We must presume, or I must anyway, I am often accused of being presumptuous, that job opportunities were limited in the past. Before fire was discovered in the Early Stone Age, there weren’t any firefighters, only people throwing the first stones. And before wheels started rolling off production lines, no cars travelled along non-existent roads, so becoming a driving instructor was a doomed ambition.
It also stands to reason that cavemen stood on their own two feet before the invention of footwear, so any talk of prehistoric shoemakers is just a load of old cobblers. Even hairdressers were probably few and far between; theirs would have been a niche profession to say the least, given the hairstyles visible on some of those cave paintings.
But suddenly someone cried out, “Ouch! We have ignition!” and cavewomen could start their unpaid daily toil as head cooks and childminders, rocking the cradle and slaving over a hot stone watching the nettle soup bubbling in the earthenware pot. Not too different from the domestic life of my dear old gran, minus the nettle soup. She cooked thistles.
The average human today is more likely to die from obesity than hunger. I often see folk taking Marie Antoinette’s suggestion literally, eating cake instead of steamed tofu with quinoa, although I’m not sure that is an exact translation of the French queen’s advice. Not that eating well did her much good, her health suffered badly when she was beheaded.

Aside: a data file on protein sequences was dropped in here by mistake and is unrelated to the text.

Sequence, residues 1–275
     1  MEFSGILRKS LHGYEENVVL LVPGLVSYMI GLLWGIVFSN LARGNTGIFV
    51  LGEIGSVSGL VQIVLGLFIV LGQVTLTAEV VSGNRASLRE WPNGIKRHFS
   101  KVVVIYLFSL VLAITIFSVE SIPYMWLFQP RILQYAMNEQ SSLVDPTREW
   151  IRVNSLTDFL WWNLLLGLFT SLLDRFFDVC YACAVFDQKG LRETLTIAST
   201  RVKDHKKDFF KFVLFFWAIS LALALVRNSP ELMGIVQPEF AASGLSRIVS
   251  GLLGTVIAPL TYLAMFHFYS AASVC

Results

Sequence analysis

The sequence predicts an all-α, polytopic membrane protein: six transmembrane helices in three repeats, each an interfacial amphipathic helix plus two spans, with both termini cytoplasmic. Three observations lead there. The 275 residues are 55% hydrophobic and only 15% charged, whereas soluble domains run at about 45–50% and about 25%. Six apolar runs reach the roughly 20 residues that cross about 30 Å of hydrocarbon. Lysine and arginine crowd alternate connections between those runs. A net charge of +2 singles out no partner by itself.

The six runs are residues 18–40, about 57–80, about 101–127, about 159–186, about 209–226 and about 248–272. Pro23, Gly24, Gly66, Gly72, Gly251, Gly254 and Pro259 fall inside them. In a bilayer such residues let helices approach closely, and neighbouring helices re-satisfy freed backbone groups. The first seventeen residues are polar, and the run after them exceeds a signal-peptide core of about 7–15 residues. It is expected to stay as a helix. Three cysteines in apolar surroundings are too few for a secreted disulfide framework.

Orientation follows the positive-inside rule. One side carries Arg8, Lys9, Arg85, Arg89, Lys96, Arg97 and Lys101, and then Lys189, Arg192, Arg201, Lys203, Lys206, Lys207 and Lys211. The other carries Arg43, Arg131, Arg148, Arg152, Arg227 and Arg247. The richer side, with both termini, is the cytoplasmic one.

Some writers believe that 21st-century mankind is now poised to make a serious bid for immortality. Apparently, mortality is a technical problem which can be solved. Any ideas? Death is seen as a crime against humanity, but surely the idea of living forever is a short-term solution?
The prospect of “a job for life,” so beloved by politicians — all that extra tax! — will bring some problems in its wake, not that there will be wakes anymore. Eternal longevity might lose some of its initial appeal by the time we turn 110 or so, unless we still feel healthy and — if you are anything like me — 18.
Immortality of the earthbound kind could also cause some concerns for organised religions; they may have to organise some alternative holiday packages to heaven, or offer sightseeing visits instead. The former company called Paradise Travel and Tours Limited has gone into liquidation, if that helps, so their name is now available.
There will be definite downsides once we start living forever. Granted, our pensions will be worth quite a bundle of lettuce as we rack up the years of employment, and we won’t even have to eat lettuce if we don’t feel like it. But I have a sneaking suspicion that each time we approach retirement age, governments will revise it upwards. 120…135…150… Our pension will eventually amount to a considerable sum — but will we ever live long enough to collect it?